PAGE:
A June 2013 decision from the United States Bankruptcy Court for the Eastern District of North Carolina Greenville Division, In re L.L. Murphrey Company, 2013 WL 2451368 (Bankr. E.D.N.C. June 6, 2013), highlights the importance of due diligence in connection with assignments of security interests.
L.L. Murphrey Company (the “debtor”) filed a voluntary Chapter 11 petition on June 8, 2000. In 2000, the debtor was in default to Wachovia Bank, N.A. (“Wachovia”) for approximately $12,800,000 secured by the debtor’s real property and personal property by appropriate loan documents (“PreBankruptcy Loan Documents”).
In July 2001, the court confirmed a plan of reorganization, which restructured the debt into two notes and provided that:
- The debtor and Wachovia will enter into amended and restated loan documents consistent with the plan of reorganization;
- The debtor shall execute and deliver such additional agreements, instruments and documents as may reasonably be requested by Wachovia;
- The Reorganization required that amended and restated loan documents be executed consistent with the confirmation of the plan; and
- All liens in favor of any creditor would be deemed released upon confirmation of the plan.
Post confirmation, Wachovia didn’t redocument the loan. Wachovia sold the loans and assigned the PreBankruptcy Loan Documents to CadleRock Joint Venture, L.P. (“CadleRock”) and CadleRock subsequently sold the loans and assigned the PreBankruptcy Loan Documents to D.A.N. Joint Venture Properties of North Carolina (“DAN”). DAN relying on the assigned documents filed the requisite notices of assignment, amendments and continuation statements. When the debtor filed a voluntary Chapter 7 petition in 2012, DAN filed a proof of claim for over $6,000,000 and claimed that over half of such amount was a secured claim.
In January and February 2013, the trustee filed motions requesting the court’s approval to conduct a sale of the debtor’s real and personal property pursuant to Section 363 of the Bankruptcy Code, free and clear of liens, with any such liens transferred to the proceeds of the sale. DAN tried to block the trustee’s sale motion, arguing that the trustee failed to establish any of the five separate grounds required under Section 363(f) which would permit a sale free and clear of liens. The Trustee argued that he met the requirements of 363(f)(4), which permits the sale of property free and clear of any interest in the property if the interest is in “bona fide dispute.”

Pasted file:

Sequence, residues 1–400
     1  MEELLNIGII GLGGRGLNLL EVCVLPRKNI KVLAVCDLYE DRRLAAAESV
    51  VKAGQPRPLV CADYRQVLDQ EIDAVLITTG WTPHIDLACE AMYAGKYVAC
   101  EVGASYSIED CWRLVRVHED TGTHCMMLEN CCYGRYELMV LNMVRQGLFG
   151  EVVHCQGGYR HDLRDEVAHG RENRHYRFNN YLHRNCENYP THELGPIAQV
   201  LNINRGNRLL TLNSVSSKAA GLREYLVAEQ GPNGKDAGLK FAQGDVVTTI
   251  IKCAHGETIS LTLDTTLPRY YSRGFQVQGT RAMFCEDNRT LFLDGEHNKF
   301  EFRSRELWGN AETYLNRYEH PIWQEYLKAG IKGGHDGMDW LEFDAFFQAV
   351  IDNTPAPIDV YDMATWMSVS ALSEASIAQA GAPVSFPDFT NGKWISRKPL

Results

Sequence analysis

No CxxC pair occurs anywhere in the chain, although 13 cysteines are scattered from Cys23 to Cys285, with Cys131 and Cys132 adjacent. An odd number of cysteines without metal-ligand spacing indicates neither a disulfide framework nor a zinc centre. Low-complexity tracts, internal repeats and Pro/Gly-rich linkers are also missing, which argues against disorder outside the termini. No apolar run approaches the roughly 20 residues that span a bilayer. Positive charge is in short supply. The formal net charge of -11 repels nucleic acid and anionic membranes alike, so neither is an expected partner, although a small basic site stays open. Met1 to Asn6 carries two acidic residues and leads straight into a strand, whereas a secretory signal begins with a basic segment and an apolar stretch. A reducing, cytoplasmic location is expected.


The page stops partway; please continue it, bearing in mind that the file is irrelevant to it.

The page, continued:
DAN argued that its security interest was not subject to a legal or factual dispute because there were no pending objections to its proof of claim and because the debt underlying its claim and the related liens was explicitly reaffirmed by an order entered by the court in a related proceeding. Further, DAN argued that the confirmed plan only required delivery of amended and restated loan documents reasonably requested by Wachovia, and Wachovia never made any such requests of the debtor.
The court disagreed, determining that the trustee had established the existence of a bona fide dispute as to the validity of DAN’s liens because the confirmed plan explicitly required the parties to execute amended and restated loan documents as a condition precedent for setting the implementation date of the new notes. Therefore, the court permitted the trustee to sell the property free and clear of any liens pursuant to Section 363(f)(4) of the Bankruptcy Code.
Having allowed the 363 sale, the court then turned to the issue of whether DAN could credit bid at the public sale. The trustee asserted that the questionable validity of DAN’s liens constituted the requisite cause for the court to revoke DAN’s right to credit bid under Section 363(k) of the Bankruptcy Code and the Bankruptcy Court agreed. In re L.L. Murphrey Company serves as a reminder to debt purchasers that as they rarely get any representations from debt sellers they need to undertake appropriate e due diligence before purchasing. DAN may well end up with an unsecured claim for the entire amount due. That result could have been avoided had it performed the proper diligence.